Musashi did not become so good without plenty of practice and he would often go from province to province to engage in a contest, treating this as training. At the age of twenty Musashi went into the wilderness to perfect his fighting skills, one can only imagine just how many hours that he would fit into this four year period in isolation.
Much of Musashi philosophy centred around the fact that to be a great warrior one must constantly train and practice, psychological tactics, your adversary’s ways and temperament, thinking outside of the square.
Do not ever place a time limit in the number of years where you ever think that you have contributed enough of your time.
‘In the journey of one thousand miles, take but one step at a time.’ Musashi quote. In other words show patience a few years as a Black Belt in the Martial Art is only a portion or part of the apprenticeship. One cannot compare or transpose the amount of time and effort to get you to where you are in the Martial Art for you to ever say that I can leave now because I have given back, gee!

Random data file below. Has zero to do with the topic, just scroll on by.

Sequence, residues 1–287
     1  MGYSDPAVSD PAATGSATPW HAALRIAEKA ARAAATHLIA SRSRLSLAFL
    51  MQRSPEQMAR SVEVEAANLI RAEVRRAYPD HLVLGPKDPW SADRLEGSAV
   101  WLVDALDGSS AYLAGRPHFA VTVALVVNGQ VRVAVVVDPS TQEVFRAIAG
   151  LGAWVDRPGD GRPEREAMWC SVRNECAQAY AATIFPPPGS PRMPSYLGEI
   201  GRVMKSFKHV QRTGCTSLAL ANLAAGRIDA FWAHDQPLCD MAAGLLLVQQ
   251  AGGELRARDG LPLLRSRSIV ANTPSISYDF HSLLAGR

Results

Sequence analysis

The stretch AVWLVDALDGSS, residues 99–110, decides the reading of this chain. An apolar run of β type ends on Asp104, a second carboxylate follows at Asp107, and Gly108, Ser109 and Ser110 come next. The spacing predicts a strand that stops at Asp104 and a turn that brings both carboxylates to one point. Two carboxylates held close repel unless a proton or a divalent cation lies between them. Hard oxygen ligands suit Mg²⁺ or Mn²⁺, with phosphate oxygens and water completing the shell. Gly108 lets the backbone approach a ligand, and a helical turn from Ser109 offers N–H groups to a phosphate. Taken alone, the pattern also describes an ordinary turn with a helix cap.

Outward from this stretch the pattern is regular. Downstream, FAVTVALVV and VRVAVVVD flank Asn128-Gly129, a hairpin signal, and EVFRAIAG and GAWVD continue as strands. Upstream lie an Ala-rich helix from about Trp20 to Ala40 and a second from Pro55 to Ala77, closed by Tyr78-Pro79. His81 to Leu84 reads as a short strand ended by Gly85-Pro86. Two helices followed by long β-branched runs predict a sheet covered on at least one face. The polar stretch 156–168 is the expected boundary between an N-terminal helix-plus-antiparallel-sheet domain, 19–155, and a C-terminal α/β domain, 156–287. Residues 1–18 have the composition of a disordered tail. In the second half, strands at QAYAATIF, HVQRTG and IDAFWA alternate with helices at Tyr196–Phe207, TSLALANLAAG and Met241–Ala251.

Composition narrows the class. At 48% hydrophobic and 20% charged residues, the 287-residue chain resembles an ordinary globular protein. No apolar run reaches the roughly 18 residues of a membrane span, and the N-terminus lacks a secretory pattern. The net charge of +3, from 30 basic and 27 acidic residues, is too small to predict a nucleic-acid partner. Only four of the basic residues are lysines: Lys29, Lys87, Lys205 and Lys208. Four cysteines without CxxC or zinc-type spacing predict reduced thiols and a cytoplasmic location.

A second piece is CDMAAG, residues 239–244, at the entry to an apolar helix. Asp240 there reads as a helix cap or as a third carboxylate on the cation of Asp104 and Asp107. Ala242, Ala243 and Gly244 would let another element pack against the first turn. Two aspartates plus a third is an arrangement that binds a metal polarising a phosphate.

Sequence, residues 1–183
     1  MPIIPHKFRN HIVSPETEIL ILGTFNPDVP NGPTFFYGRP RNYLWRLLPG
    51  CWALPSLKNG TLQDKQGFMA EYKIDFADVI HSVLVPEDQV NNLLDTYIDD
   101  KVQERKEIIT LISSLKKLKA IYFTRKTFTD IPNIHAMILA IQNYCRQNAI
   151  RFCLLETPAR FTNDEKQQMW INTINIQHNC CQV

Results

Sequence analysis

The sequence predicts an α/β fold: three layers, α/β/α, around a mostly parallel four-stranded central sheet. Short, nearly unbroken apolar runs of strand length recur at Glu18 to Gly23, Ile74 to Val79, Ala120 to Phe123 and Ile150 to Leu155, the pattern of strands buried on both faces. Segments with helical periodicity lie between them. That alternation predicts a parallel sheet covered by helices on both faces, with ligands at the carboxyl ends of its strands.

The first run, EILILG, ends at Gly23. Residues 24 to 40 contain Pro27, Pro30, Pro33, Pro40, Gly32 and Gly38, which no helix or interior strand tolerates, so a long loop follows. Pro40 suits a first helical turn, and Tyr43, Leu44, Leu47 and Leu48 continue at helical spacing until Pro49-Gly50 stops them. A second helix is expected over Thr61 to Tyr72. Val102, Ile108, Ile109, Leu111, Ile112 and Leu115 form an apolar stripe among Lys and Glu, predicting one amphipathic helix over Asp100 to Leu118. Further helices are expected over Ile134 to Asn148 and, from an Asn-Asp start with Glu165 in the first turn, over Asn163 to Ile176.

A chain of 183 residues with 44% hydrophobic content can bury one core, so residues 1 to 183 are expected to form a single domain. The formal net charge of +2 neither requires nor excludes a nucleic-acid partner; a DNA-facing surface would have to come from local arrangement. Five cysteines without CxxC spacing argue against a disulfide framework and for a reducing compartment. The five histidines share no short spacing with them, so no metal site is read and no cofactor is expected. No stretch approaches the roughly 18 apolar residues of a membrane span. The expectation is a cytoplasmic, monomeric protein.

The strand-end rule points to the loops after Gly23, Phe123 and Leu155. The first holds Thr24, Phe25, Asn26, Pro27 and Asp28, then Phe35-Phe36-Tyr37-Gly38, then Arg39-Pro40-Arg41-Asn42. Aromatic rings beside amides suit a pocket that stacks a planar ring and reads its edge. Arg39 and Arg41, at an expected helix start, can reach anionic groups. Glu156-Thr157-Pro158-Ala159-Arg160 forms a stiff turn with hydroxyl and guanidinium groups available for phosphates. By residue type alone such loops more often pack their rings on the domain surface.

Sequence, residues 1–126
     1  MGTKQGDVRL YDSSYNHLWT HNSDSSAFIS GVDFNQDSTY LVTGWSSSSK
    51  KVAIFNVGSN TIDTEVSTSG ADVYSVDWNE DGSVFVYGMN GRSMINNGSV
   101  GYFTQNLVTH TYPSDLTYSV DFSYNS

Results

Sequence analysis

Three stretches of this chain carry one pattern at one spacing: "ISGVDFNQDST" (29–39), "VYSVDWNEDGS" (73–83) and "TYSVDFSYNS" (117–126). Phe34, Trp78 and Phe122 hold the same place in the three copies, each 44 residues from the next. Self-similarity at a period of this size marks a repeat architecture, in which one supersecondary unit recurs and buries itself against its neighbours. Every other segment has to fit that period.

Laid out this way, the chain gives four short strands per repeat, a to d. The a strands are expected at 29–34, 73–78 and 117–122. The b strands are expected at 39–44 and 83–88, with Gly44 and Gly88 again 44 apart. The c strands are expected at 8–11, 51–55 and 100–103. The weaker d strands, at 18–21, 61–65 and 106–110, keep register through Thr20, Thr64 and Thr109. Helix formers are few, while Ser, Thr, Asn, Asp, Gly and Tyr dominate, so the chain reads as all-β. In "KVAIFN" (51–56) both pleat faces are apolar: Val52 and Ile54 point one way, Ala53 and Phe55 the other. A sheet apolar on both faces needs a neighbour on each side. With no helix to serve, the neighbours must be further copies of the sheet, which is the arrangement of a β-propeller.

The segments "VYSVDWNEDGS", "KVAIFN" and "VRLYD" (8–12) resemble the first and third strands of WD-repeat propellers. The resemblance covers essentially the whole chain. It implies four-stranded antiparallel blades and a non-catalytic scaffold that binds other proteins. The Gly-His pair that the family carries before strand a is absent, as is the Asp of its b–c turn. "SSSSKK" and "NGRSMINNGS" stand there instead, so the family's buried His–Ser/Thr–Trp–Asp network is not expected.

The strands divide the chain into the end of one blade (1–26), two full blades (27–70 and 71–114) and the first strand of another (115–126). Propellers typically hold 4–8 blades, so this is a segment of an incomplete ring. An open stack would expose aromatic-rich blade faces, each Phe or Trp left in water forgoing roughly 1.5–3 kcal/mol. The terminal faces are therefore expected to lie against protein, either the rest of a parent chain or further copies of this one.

I want to share a quote that I received from one of my outstanding young students who had been with me for six years. Her thinking is beyond the years that she had been training. This student was always thinking outside the square as shown here, with a quote of Musashi that was sent to me in a Christmas card. The quote written was from that most famous Samurai, Miyamoto Musashi who lived during the 15th and 16th century.
‘Determine that today you overcome yourself of the day before,
tomorrow you will win over those of lesser skill,
and later you will win over those of greater skill.’
No special resolution was needed from Musashi, just every day doing your best and each new day trying to be an even better person than you were the day before.